Butterfly Takeover

The weather in the Caribbean may seem like summer year-round, but the tropical heat doesn’t mean there are no seasons. Like most tropical areas, rainfall is a primary differentiator for Caribbean seasons, and rainfall drives changes in vegetation as well as wildlife populations. While many animals can, and do, breed year-round in this area, reproductive rates can increase dramatically when rainy weather boosts the amount of food available. Clouds of butterflies in the winter are a noticeable example, but many other species are going through a population boom more quietly right now.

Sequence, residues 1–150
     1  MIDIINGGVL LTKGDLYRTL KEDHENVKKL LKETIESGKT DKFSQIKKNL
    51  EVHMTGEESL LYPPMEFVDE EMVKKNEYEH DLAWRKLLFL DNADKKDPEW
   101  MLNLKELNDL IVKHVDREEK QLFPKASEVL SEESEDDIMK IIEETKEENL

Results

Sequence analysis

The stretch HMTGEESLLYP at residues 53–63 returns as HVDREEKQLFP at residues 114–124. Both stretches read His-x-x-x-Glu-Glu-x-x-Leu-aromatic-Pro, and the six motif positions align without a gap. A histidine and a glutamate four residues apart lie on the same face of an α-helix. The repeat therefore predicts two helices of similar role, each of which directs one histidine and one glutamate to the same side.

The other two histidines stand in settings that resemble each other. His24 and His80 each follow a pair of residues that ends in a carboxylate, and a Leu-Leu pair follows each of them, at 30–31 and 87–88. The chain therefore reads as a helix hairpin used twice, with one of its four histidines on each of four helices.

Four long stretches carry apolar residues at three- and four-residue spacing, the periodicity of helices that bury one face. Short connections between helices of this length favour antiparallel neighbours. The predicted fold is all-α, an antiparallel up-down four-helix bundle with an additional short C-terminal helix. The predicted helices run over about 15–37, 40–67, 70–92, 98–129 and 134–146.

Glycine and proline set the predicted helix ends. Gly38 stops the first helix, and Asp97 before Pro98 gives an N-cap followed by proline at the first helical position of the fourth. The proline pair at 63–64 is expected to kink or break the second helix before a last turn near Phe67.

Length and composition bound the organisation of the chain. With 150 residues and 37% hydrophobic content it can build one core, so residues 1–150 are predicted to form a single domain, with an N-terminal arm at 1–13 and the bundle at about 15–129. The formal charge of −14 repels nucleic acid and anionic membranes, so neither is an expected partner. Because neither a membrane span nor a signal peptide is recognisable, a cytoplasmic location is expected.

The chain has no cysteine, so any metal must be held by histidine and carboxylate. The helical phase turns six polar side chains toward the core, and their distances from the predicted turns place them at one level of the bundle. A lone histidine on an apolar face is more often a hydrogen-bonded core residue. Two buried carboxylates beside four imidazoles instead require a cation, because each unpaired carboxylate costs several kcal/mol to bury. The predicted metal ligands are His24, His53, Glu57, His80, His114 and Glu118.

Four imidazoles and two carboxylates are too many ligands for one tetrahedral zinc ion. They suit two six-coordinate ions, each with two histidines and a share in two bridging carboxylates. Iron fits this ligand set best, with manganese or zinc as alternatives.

One comment

  1. Karen Troiano says:

    I recently returned from vacation on St. Maarten, and decided to write an article for the Rutgers University Master Gardener’s monthly periodical about the revival of St. Maarten’s gardens after hurricane Irma. Besides the come back of plants and garden’s destroyed by the hurricane, I’d like to include the storms effect on the butterfly and bird population of the island. I was so impressed with the recovery that I saw, but mostly by the pride and spirit of the people who live and work on the island. Any information you share will be greatly appreciated. Thank you for your time.

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